https://www.nasaspaceflight.com/2017/04/spacex-static-fire-tests-spy-sat-rocket-falcon-heavy-core/

Offline Sesquipedalian

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People keep asking for a wider shot (I thought the logo would be the thing people really wanted to see, so rushed that on the turnaround)

I suspect that if you had rushed the wider shot, people would have been clamoring to see the logo.

Offline dcporter

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People keep asking for a wider shot (I thought the logo would be the thing people really wanted to see, so rushed that on the turnaround)

I suspect that if you had rushed the wider shot, people would have been clamoring to see the logo.

Confirmed I got very excited for the logo closeup.

Offline qralt

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SpaceX tweeted a video of the center core static fire:

https://twitter.com/SpaceX/status/862017305911320577

Offline sanman

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Somebody put it up on Youtube, so here it is embedded:



Online FutureSpaceTourist

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SpaceX show video of side booster 1023.2 in action at McGregor:

https://twitter.com/SpaceX/status/867568781928701954

Video attached.

Online Silmfeanor

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Tweet by Elon Musk, confirmation of combined static fire - or perhaps a few static fires:

https://twitter.com/elonmusk/status/867667009839931393

Quote
Quote
Felix Beuster‏ @FBeuster
Will there be a static fire test of the combined boosters as well, or will Heavy static fires always be separated?

Elon Musk @elonmusk
Replying to @FBeuster

There will be a combined booster static fire. Maybe a few.

Online abaddon

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Presumably that's just the regular static fire that SpaceX conducts at the pad before all launches, with the "perhaps a few" reflective of this being the maiden launch of a new configuration and (center) core variant?  Last I remember hearing, the McGregor core test capability wasn't sized for Heavy.

Offline wannamoonbase

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Presumably that's just the regular static fire that SpaceX conducts at the pad before all launches, with the "perhaps a few" reflective of this being the maiden launch of a new configuration and (center) core variant?  Last I remember hearing, the McGregor core test capability wasn't sized for Heavy.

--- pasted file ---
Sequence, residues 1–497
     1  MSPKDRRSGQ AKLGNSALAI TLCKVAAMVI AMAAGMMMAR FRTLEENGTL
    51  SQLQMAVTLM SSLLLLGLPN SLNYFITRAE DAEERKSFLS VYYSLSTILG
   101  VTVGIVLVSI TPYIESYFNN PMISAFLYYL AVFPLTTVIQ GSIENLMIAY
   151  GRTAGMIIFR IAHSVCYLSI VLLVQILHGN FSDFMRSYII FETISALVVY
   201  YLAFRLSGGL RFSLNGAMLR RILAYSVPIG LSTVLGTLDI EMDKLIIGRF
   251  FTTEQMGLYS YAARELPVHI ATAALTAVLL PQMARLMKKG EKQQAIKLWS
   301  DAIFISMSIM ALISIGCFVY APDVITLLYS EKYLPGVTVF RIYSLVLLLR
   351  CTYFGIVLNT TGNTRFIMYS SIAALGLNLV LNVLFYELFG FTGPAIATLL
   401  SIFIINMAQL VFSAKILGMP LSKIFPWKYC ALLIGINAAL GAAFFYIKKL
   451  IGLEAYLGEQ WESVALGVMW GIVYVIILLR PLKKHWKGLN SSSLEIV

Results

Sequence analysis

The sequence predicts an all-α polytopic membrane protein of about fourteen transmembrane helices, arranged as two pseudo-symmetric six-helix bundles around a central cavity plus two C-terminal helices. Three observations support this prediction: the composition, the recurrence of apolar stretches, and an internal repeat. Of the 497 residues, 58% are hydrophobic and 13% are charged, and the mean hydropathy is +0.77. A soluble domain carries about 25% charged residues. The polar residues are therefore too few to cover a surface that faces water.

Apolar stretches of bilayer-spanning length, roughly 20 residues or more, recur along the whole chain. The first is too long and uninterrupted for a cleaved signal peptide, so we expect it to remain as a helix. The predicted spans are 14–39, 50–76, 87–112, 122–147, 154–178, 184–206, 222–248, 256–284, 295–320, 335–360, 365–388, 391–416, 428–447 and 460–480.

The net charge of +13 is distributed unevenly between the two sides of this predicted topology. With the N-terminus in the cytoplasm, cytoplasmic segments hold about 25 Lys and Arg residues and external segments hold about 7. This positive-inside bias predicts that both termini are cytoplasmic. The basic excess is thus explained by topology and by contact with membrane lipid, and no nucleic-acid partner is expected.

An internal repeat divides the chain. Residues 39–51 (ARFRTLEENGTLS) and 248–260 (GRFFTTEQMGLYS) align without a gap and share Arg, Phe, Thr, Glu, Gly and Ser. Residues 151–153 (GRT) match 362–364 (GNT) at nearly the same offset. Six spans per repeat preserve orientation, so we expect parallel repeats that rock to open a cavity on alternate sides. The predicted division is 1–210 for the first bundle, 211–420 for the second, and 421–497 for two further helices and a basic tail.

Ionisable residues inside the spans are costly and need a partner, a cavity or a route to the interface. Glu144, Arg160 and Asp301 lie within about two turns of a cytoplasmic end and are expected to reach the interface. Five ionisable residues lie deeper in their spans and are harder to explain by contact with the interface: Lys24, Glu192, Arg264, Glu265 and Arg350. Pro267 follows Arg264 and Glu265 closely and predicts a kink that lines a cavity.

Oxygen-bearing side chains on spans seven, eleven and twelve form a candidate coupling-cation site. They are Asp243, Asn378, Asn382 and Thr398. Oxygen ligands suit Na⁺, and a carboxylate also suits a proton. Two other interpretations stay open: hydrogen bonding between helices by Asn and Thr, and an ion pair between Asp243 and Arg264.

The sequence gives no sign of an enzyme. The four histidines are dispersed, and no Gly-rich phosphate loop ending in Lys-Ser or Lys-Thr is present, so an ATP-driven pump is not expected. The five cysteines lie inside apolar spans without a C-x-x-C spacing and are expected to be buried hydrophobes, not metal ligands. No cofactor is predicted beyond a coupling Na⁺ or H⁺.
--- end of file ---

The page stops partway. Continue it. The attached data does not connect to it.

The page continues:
Given it's a 3 body vehicle I could see them trying some simulated inputs to verify engine response.  But maybe they can do that with out the engines firing.
Excited to be finally into the first Falcon Heavy flow, we are getting so close!

Offline Navier–Stokes

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Elon Musk‏Verified account
@elonmusk 

Replying to @JohnnyZenith

All Falcon Heavy cores should be at the Cape in two to three months, so launch should happen a month after that

11:51 AM - 8 Jun 2017

Offline envy887

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Elon Musk‏Verified account
@elonmusk 

Replying to @JohnnyZenith

All Falcon Heavy cores should be at the Cape in two to three months, so launch should happen a month after that

11:51 AM - 8 Jun 2017

For those following along at home, that puts the launch NET Aug 8 to Sept 8, Standard Elon Time; which is roughly November, real world time.

Online cwr

Elon Musk‏Verified account
@elonmusk 

Replying to @JohnnyZenith

All Falcon Heavy cores should be at the Cape in two to three months, so launch should happen a month after that

11:51 AM - 8 Jun 2017

For those following along at home, that puts the launch NET Aug 8 to Sept 8, Standard Elon Time; which is roughly November, real world time.

Actually, that sounds like all cores at the Cape between Aug 8 and Sep 8 and the launch between Sep 8 and Oct 8 taking Elon's quote at face value.

Carl